Oct 5, 2012

A Greek Tragedy Set in Sandymount

Screen newcomer Jack Reynor plays the protagonist in ‘What Richard Did’.

Oliver Nolan

Staff Writer

Much maligned and often caricatured to hilarious effect, the wealthy teenage South Dublin alpha-male has long been a figure of Irish society unexplored in cinema. What Richard Did, the third full-length feature from Lenny Abrahamson, sets a standard, focusing on a Summer in the life of 18 year old Richard Karlson, played by newcomer Jack Reynor. Needless to say, coming from the man behind Adam & Paul and Garage, Ross O’ Carroll Kelly: The Movie it ain’t. Anyone familiar with Abrahamson’s previous output will recognise signature tendencies from the get go. Several early scenes possess a wonderful improvised vibe, time taken to establish our central protagonist and his circle of friends without hurrying into plot. This serves to make the film highly relatable. The teens drink, laze about, talk about girls, and just generally live and breathe, the director never judging them or slipping into parody. When the plot does take a turn into darkness – and oh, it does – it’s all the more horrifying following this gentle build up. A greek tragedy set in Sandymount, What Richard Did confirms Abrahamson as one of our most celebrated filmmakers, the film as honest as it is terrifying.

Witty, ambitious and liked by all, Reynor portrays the titular Richard with a delicate blend of confidence and vulnerability. Its this vulnerable side that comes into play when Richard meets Lara (Roisin Murphy), who inconveniently for him, is already seeing his teammate Conor (Sam Keeley). First world problem this might be, it ultimately reveals Richard’s self-interested, ruthless side, entirely at odds with the guy his friends think they know. Stealing his mate’s girlfriend without as much as an apology, Richard should become an abhorrant figure in our eyes, but through Malcolm Campbell’s refined and subtle writing, he doesn’t. Through a series of touching scenes showcasing palpable chemistry with Murphy, we see enough of his warm, loving side to stick by him. It’s a senseless act of drunken violence – the film is loosely inspired by Kevin Power’s novel Bad Day in Black Rock – that shatters Richard’s sense of self. Delving the depths of denial before guilt and reality take hold, Abrahamson forces us to identify with Richard throughout. His actions, whilst cowardly and manipulative, lead us to feel that we’d probably react similiarly, if not the same. Anyone who has witnessed Garage’s final scene will know that Abrahamson is capable of pathos on a heart wrenching scale, and a climactic scene between Richard and his loving father, the sadly underused Lars Mikkelsen, is so raw, so relatable, it’s almost impossible to watch.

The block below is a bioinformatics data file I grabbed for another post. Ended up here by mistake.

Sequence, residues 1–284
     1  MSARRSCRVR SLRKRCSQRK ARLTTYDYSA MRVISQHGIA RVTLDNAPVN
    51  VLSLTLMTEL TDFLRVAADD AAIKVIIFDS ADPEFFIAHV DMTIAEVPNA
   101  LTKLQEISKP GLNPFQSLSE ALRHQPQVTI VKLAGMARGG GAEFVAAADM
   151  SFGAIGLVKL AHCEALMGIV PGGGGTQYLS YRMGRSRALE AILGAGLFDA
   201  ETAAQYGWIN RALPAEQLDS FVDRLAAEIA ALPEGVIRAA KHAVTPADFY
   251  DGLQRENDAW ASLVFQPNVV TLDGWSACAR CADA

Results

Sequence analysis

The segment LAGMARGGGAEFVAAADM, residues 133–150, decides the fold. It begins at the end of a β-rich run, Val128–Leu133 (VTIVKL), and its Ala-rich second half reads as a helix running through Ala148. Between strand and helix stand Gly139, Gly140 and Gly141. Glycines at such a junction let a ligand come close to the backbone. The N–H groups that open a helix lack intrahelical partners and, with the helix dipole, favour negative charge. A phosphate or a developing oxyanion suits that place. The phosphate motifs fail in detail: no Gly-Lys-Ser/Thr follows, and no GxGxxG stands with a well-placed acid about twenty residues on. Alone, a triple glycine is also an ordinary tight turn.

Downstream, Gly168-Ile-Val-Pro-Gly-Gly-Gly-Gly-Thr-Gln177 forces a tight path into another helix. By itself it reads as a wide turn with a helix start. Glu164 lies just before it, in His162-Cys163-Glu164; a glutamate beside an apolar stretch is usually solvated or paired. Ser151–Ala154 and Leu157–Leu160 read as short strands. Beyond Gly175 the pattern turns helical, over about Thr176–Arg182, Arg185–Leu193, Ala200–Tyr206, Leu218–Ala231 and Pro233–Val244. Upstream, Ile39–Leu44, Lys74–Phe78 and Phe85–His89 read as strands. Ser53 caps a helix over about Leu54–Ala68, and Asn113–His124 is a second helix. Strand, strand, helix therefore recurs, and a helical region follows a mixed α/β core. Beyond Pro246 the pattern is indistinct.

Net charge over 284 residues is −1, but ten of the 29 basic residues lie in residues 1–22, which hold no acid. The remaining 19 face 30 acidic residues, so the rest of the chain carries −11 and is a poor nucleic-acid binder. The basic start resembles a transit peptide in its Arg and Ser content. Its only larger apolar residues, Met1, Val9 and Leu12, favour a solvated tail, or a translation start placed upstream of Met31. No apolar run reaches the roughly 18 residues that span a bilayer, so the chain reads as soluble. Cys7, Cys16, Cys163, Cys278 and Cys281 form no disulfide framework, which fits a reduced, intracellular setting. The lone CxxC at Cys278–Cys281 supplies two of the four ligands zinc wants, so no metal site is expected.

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It’s not all gloom and doom. Early scenes crackle with relatable, occasionally hilarious dialogue, touching on cultural touchstones without feeling contrived – ‘You’re gona play professional, and keep up the studies? You’re like the f**king Rose of Tralee’. Yet like all great tragedies, its a story with universal appeal. What Richard Did is a film for the ages, depicting the confusion and selfishness of youth in a way that’s unrivalled by any Irish film in recent years.

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